But the angels allso loved her
And I suppose they thought it Best
For Just seventeen years today
Since she went to heaven to rest.

Shore is nothing in this world
For Whitch I need to care
But I know up in heaven
I have two darlings there.

Vernon was a sweet treasure
And dear Daisey was the same
How I loved & cherished Both
Till that death angel came.

Today they are Both in heaven
A singin around the throne
Wondering why Dear Papa
Was driven from his home.

But while in this lonely prison
George Thomas Clift
George Thomas Clift
I sometimes think I see
Those two dear darling angels
A hovering over me.

I love those five dear children
Both the living & the dead
While I am here in prison
The scandals on your head.

But now I have grown old
My limbs are getting frail
A railroad man is in my home
And old Geo. Clift in jail.

Good by. Write soon.

Write soon?! What was he thinking?

George couldn’t spell worth a lick, but he sure could crank out a rhyme.

Don’t let this story leave you miserable because there are many fun stories from my friends at Sepia Saturday.

© 2017, Wendy Mathias.  All rights reserved.

Saturday, June 3, 2017

Sepia Saturday: The Slade Family Tree

Sepia Saturday challenges bloggers to share family history through old photographs.

For every family historian and genealogist, this week’s Sepia Saturday photo of a tree is the iconic symbol of “the family tree” with its roots to the past holding firm, its numerous branches spreading out in all directions, and its individual leaves added anew every year. The title of this post might then make you think you’re in for a snoozefest through the Slade lineage. Not so.

Here is the only photo I have of my father’s paternal grandmother, Mary Morrison Slade. She is standing in front of a Weeping Willow tree in the front yard of my grandparents’ home in the community called Cradock in Portsmouth, Virginia.
Mary Morris Slade Portsmouth, Virginia
Great Grandmother Mary Morrison Slade mid-1940s
Portsmouth, Virginia
Even though she died when I was 8, I have no memory of her. She was probably extremely debilitated by dementia and therefore my parents kept me from her. Apparently she had been that way for many years. My dad said that even as a young man he often had to break a date to go look for his grandmother when she wandered and got lost.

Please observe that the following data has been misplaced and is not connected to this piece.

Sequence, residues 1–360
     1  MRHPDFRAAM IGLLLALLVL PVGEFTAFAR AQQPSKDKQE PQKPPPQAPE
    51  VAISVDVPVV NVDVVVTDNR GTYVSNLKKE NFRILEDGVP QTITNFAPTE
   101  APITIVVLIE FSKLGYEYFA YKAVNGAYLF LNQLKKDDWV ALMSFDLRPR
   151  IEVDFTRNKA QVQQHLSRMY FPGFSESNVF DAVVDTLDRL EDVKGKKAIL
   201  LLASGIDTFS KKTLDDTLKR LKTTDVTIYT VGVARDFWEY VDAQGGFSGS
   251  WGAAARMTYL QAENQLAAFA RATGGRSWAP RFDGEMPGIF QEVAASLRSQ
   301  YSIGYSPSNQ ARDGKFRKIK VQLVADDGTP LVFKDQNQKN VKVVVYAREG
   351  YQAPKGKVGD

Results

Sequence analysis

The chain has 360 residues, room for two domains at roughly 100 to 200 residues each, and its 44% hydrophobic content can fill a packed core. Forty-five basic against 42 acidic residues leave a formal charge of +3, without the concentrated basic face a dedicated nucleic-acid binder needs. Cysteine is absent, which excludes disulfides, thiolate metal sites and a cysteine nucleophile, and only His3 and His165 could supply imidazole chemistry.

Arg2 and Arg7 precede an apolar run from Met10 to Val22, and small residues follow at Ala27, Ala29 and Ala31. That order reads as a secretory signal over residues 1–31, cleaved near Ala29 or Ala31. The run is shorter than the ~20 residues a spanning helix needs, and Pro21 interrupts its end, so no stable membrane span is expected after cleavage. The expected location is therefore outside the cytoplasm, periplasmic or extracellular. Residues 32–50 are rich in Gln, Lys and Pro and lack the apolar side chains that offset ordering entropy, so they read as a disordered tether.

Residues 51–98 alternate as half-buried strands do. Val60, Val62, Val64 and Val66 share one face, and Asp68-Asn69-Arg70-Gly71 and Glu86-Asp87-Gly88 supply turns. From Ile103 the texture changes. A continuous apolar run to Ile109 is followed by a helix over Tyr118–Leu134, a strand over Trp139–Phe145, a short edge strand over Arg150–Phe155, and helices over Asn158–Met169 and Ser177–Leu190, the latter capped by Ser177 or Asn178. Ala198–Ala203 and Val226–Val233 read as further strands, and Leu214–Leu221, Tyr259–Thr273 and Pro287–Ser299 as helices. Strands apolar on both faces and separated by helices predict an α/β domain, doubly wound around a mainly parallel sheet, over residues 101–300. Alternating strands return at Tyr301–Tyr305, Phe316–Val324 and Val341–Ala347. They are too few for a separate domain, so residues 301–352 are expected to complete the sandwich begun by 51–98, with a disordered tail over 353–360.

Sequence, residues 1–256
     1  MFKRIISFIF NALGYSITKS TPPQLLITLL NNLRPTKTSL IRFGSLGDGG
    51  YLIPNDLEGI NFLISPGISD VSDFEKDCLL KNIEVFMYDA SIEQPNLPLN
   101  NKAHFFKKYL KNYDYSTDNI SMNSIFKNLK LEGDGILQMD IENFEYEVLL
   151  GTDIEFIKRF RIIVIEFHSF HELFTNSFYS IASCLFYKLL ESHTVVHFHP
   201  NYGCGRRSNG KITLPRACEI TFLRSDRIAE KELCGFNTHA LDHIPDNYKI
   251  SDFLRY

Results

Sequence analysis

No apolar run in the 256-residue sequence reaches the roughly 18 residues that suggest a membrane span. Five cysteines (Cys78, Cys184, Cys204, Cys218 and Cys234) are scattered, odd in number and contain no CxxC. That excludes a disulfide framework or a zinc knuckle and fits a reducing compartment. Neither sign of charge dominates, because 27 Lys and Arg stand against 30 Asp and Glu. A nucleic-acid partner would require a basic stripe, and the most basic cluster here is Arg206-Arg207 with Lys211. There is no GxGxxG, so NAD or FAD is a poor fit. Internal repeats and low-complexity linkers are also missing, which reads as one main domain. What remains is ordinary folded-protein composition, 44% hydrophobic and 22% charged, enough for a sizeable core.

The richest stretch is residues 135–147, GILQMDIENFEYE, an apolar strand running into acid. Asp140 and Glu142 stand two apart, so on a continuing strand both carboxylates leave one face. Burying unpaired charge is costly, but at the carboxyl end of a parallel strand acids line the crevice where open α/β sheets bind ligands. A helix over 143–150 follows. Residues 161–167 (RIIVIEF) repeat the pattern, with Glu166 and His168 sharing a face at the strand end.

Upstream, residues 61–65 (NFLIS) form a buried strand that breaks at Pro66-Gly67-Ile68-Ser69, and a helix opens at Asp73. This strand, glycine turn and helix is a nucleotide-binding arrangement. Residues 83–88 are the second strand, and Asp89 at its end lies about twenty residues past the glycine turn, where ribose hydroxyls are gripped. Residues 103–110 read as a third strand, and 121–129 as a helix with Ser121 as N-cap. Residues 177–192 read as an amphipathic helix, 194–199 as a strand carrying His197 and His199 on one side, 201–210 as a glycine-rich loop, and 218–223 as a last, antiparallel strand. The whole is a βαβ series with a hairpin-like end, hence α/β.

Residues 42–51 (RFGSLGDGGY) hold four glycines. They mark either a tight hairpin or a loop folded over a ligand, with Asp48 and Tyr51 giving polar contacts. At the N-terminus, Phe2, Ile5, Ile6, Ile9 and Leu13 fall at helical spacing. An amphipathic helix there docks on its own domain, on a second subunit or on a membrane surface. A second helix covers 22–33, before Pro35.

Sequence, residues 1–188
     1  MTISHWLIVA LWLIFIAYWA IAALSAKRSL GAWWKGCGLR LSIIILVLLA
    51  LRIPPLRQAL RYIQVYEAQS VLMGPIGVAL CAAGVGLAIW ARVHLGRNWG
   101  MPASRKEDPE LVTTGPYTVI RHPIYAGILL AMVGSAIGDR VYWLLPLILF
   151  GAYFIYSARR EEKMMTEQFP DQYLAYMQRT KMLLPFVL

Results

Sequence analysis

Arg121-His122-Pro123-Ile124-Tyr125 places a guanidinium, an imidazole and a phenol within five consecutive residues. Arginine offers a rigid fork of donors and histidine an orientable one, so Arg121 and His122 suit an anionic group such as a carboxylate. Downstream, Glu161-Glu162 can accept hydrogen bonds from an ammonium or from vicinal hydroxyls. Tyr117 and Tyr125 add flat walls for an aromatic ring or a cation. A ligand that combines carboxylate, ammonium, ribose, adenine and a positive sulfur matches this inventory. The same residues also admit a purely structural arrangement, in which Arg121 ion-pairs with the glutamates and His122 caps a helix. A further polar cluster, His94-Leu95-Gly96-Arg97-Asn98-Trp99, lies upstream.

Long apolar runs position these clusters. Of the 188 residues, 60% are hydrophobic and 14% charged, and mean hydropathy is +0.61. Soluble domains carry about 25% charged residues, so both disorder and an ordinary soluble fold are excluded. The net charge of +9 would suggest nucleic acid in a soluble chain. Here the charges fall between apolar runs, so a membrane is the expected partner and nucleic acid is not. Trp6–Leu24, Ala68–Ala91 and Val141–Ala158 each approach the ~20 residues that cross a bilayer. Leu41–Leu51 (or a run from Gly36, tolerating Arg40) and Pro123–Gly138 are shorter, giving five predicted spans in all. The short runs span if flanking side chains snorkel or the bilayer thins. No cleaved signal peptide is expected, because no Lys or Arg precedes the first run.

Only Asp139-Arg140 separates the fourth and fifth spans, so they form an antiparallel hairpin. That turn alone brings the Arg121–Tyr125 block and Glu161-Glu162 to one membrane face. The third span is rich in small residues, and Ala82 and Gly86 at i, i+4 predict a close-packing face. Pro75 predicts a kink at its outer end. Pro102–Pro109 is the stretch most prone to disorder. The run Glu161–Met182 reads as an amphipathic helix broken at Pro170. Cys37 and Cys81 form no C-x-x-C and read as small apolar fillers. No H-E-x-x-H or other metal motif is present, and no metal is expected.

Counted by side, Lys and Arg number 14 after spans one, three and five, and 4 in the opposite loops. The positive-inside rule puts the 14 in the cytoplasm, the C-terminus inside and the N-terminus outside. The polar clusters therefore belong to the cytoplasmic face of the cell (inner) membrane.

Mary Morrison Slade was widowed at the age of 49 in 1928, the same year my dad was born. Often I have wondered how widows managed in the days before it was common for women to work and have their own income. In 1930, Grandma Slade was the head of household in a house she rented on Henry Street. One son, two daughters and one son-in-law were there too. The only one with a job was the son-in-law.  

In 1940 Mary was living at 416 Randolph Street. According to the 1940 census, this was the same house where she lived in 1935, which tells me she had moved there between 1930 and 1935. Maybe the move was driven by finances because the house she rented in 1930, just a street away, was $20 a month. The “new” house, which she rented for $11 a month, was next door to her sister Effie and her husband Henry Hanrahan. 
from Wikimedia Commons
This is NOT where Mary Slade worked, but it is a typical 
sewing project factory or workroom.
Grandma Slade, born in Tennessee, had completed 5 years of school. During her married life, she was always the wife of a farmer, but now she was a working woman employed in the government-sponsored WPA sewing project. The specific job appears to be “Iron lady,” but the handwriting in the 1940 census is unclear. Her statement that she was unemployed for 65 weeks prior to March 1940 contradicts the statement that she worked 52 weeks in 1939 earning $780. She claimed no other source of income.

The Work Project Administration (WPA) was part of the New Deal effort to put people to work. The sewing project was specifically designed for women who were considered unemployed heads of household either because they were widowed, abandoned, or disabled. The sewing project was the lowest paid position, but women received training in using sewing machines. They made clothing, bedding, and supplies for hospitals and orphanages. Grandma Slade is the first ancestor I’ve found who was employed under the New Deal. 

I do not know where Grandma Slade was living when she posed in front of the tree in my grandparents’ yard. The Weeping Willow certainly made a nice backdrop for photos though. On the evening of my Aunt Betty’s music recital, she and her friend Jackie posed there too.

Beverly Slade and Jackie Shearidan Portsmouth, Virginia 1940s
Jackie and Betty

Don’t weep. There are many more stories and old photos of trees at Sepia Saturday.

© 2017, Wendy Mathias.  All rights reserved.

Friday, May 26, 2017

Sepia Saturday: A Flea in the Bed

Sepia Saturday challenges bloggers to share family history through old photographs.

This week’s Sepia Saturday photo of a baseball player is the perfect prompt for a story about my granduncle Woody Woodring. Unfortunately for me, I already wrote that story. However, when I told Woody’s story in 2012, I thought his last season as a professional baseball player was in 1929. I have since discovered that is not so. While his career lasted only another 5 years, he did enough to earn him his very own baseball card.
Woody Woodring 1925 baseball card Portland Beavers
Arthur "Woody" Woodring
1925 Portland Beavers

Reading “Portland” on the card confused me at first because my research had revealed only his time with the Martinsburg Blue Sox, part of the Blue Ridge League, and with the team representing the Shops of the Norfolk & Western Railroad. A clip in the Portland Oregonian dated January 1925 revealed there was much more to Woody’s story, attesting to his strength as a catcher.